(1) an input that receives the a-c output from said power switch,
(2) a d-c output,
c) a power control relay having:
(1) a first input that receives the a-c output from said power switch,
(2) a second input,
(3) a first a-c output,
(4) a second a-c output,
d) an electric heater that receives the first a-c output from said power control relay, wherein the heat produced by said electric heater cooks or bakes the food placed into the cooking implement,
e) a rotisserie motor that receives the second a-c output from said power control relay,
f) a microprocessor that is operated by firmware, said microprocessor having:
(1) a first input consisting of the d-c voltage from said a-c to d-c power supply,
(2) a second input,
(3) a third input,
(4) a first output consisting of a power control signal applied to the second input of said power control relay,
(5) a second output,
(6) a third output
g) an interrogator having:
(1) an interrogation antenna,
(2) a first input consisting of the d-c voltage applied from said a-c to d-c power supply,
(3) a first output consisting of an RF signal that is emitted from said interrogation antenna,
(4) a second output consisting of an interrogated data signal that is applied to the second input of said microprocessor,
h) a Radio Frequency Identification (RFID) tag having an internal temperature sensor, wherein said RFID tag is buried into a food that is to be cooked or baked, said RFID tag having:
(1) a tag antenna having an input that receives the RF signal from said interrogator, and
(2) an output consisting of a temperature encoded RF backscatter signal that received by said interrogator via the interrogator antenna.
i) a display that displays alpha-numeric data pertaining to the identification of the food being cooked or baked and the level of preparation from rare to well done, wherein said display is activated by the second output from said microprocessor,
j) an alarm situated locally or remotely that produces an audible sound when the food in the heating implement has been fully cooked or baked, wherein said alarm is activated by the third output from said microprocessor, and
k) a keypad connected to the third input on said microprocessor, wherein said keypad having means for selecting various foods by their name as programmed in said microprocessor.
7. The system as specified in claim 6 wherein the input a-c power source can consist of either 120 volts a-c or 220 volts a-c.
8. The system as specified in claim 7 wherein the operation of said power control relay is controlled by said microprocessor, wherein when the cooking cycle has been completed, as determined by an internal temperature programmed for each food into said microprocessor, the microprocessor commands said power control relay, to terminate the power applied to said electric heater.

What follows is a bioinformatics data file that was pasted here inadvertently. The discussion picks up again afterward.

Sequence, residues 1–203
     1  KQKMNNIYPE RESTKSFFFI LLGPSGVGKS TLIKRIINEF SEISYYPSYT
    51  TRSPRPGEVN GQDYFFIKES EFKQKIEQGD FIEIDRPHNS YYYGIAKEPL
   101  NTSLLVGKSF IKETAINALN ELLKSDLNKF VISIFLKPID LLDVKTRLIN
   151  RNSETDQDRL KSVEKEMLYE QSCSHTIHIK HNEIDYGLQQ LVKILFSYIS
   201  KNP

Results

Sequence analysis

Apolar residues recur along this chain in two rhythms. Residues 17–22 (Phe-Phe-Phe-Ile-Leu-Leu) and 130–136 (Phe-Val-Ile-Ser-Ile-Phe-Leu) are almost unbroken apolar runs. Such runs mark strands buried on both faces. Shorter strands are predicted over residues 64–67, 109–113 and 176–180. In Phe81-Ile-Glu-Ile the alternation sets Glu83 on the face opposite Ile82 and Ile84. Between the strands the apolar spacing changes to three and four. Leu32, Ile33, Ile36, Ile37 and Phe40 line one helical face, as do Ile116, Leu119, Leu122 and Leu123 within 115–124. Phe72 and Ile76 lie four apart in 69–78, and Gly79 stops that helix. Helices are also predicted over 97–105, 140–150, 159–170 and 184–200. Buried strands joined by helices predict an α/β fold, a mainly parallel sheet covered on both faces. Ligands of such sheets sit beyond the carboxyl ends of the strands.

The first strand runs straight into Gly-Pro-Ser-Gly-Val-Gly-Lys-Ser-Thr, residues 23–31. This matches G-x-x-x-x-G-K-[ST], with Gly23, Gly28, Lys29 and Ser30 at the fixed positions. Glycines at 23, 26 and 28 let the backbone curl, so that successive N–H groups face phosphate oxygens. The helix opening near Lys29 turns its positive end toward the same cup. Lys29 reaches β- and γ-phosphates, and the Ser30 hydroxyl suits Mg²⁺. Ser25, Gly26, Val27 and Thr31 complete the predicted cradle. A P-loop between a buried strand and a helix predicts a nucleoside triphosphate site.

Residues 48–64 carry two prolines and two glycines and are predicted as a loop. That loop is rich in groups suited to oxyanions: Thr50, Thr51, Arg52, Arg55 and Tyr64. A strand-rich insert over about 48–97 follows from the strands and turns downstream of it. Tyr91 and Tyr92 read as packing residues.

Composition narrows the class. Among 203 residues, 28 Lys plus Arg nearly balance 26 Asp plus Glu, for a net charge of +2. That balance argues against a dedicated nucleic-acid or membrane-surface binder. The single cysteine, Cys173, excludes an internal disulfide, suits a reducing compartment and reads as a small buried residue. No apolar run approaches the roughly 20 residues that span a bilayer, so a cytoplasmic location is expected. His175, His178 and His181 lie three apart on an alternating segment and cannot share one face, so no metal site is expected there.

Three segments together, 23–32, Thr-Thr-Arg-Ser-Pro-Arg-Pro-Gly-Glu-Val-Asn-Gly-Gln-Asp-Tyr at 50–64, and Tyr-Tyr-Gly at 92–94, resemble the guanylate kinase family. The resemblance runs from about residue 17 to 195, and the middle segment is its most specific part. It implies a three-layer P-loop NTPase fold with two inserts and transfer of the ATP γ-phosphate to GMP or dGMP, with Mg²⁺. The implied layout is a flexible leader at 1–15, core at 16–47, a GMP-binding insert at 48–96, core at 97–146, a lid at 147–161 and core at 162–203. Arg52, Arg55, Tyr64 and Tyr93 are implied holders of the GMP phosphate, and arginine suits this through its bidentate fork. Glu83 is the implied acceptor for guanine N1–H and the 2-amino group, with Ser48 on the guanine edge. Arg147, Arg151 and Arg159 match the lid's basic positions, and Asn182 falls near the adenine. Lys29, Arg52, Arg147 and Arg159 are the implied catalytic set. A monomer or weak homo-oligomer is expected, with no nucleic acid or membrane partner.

9. The system as specified in claim 6 wherein said interrogator functions to activate and extract temperature data from said RFID tag.
10. The system as specified in claim 6 wherein the communication between said interrogation antenna and said tag antenna is accomplished by means of RF near-field magnetic coupling that is produced between the two said antennas.
11. The system as specified in claim 10 wherein said RFID tag operates at a frequency of 13.56 MHz or 6.78 MHz ISM band which are allocated and controlled by a government RF frequency regulating agency.
12. The system as specified in claim 6 wherein said RFID tag is encapsulated in a non-toxic, heat resistant material.
13. The system as specified in claim 6 wherein said RFID tag includes anti-collision features.
14. The system as specified in claim 6 wherein the components of said system with the exception of said interrogation antenna and said tag antenna are located outside of said heating implement.
15. A controlled cooking system that monitors, measures and control the internal temperature of food being cooked or baked, said system comprising:
a) a power switch having:
(1) an input connected to an a-c power source,
(2) an a-c output,
b) an a-c to d-c power supply having:
(1) an input that receives the −ac output from said power switch,
(2) a d-c output,
c) a power control relay having:
(1) a first input that receives the a-c output form said power switch,
(2) a second input,
(3) an a-c output,
d) an electric gas solenoid valve having:
(1) a first input that is applied the a-c output from said power control relay
(2) a second input,
(3) a gas input
(3) a gas output,
e) a set of gas burners that are applied the gas output, wherein the heat produced by said gas burners are used to cook the food that is placed into the cooking implement,
f) a microprocessor having:
(1) a firmware program that controls the operation of said microprocessor,
(2) a first input applied from said a-c to d-c power supply
(3) a second input,
(4) a third input,
(5) a first output that produces a power control signal that is applied to said power control relay,
(6) a second output applied to said electrical gas solenoid valve,